The seminar focussed on the subject of Jürgen Habermas's essay On the Constitution of Europe. The meeting took place in the House of Europe in The Hague and the discussion participants were Frits Bolkestein, former European Commissioner for Internal Market and Frank Ankersmit, professor of intellectual and theoretical history at the University of Groningen.

In the essay, published in late 2011, Habermas criticizes the post-democratic exercise of power by the European Council to existing treaties and thus ignoring the democratic legitimacy of the Union. Habermas outlines an alternative route for this 'creeping integration' resistance that evokes both defenders of the nation state, as proponents of a federal Europe. The alternative of Habermas is based on the premise that a transnationalization of popular sovereignty is possible in the form of a democratic association of nation states. Then there would be a great role in EU decision-making for the individual members of the European populations, which hereby would operate as citizens of a nation state and as citizens of the Union.

The central question was whether the substantial leap forward as put by Habermas is in the direction of political union or a utopian perspective and of no realistic option for European unification. Bolkestein made his opinion on what he called "Habermas' idea of a cosmopolitan community of citizens and state nations" immediately apparent "Barre nonsense of a hollow beaten study scholar." He says the emergence of a transnational democracy is impossible because democracy according to him need always boundaries. A second objection was that Bolkestein argued that the loyalty of the people of Europe lies primarily with the national state, and that he sees no change to come in the near future.

Frank Ankersmit pointed out that according to him an important perspective on European integration structurally missing, namely the historian. He argued that history can function as a total picture, from which it is possible "one step to the future 'to do. Afterwards Ankersmit took the audience to 843, the year as result of the "Partition of Verdun the Rhine as a division line between Germany and France began to act. This tear line according to Ankersmit all conflicts in Europe in subsequent centuries down to that. This lasted until 1945, the year when the Rhine from symbol to stand for a uniting Europe. European integration that has occurred since the Second World War, according to the Schicksal (destiny) of Europe, against which "resistance is futile". Based on this analysis Ankersmit spoke from a supporter of further European integration and faster. A process according to him in a better time to go (as it quickly pulling a patch), then stepwise à la Angela Merkel. Here Ankersmit used the analogy of the EU as a house that lacks a roof, making it even when it rains it rains inside. He indicated behind Guy Verhofstadt, the Belgian MEP and former prime minister who is strong supporter of a federal Europe, to stand.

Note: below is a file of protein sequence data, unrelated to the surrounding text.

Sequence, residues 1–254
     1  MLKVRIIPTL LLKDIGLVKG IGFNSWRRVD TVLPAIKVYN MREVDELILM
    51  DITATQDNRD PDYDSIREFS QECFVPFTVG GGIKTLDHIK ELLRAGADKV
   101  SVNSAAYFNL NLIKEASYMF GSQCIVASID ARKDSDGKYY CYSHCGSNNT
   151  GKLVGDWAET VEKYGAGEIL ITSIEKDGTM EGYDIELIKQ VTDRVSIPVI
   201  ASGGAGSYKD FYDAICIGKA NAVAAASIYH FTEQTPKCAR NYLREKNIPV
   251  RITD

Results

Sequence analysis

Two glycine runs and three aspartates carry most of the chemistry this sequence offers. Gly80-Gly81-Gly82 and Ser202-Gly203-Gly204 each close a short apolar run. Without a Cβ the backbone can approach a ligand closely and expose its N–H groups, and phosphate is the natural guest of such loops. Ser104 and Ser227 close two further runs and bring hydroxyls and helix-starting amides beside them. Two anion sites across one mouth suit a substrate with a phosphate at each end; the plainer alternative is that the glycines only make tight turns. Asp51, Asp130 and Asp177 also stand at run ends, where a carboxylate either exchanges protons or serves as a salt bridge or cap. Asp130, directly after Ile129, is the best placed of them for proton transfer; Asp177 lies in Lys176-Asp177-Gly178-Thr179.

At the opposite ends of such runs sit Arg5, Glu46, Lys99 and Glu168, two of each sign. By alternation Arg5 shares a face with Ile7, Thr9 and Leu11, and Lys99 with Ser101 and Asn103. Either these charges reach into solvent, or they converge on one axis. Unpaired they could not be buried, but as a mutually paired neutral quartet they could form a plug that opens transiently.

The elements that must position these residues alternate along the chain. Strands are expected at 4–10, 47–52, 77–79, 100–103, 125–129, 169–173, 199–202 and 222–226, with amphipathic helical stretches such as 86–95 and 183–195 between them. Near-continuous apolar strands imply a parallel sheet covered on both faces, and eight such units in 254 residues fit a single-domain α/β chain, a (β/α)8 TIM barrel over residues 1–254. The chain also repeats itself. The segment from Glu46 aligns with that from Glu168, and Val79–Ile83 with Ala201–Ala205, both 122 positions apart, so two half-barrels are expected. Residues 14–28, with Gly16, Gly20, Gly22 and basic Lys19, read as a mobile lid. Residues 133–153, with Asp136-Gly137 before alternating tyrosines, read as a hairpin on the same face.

Bolkestein referred to the reference to the fate of further European integration as deterministic, while in his history really is made by people. A federal Europe, according to Bolkestein will never come here because too many countries are against it, and the loyalty of citizens lies primarily with the nation state. Bolkestein said also to understand that Verhofstadt and Belgian politician is in favor of the merger of the Belgian nation state into a federal Europe, due to internal political problems in Belgium.

Throughout the debate it became clear that both men in different ways to look at the EU. Bolkestein watched the near future and made clear that he preferred "no monetary union which is a debt union". Ankersmit in turn looked at the way the EU so far has made and put on that basis that it is important not too skeptical, but happy and proud with the results achieved.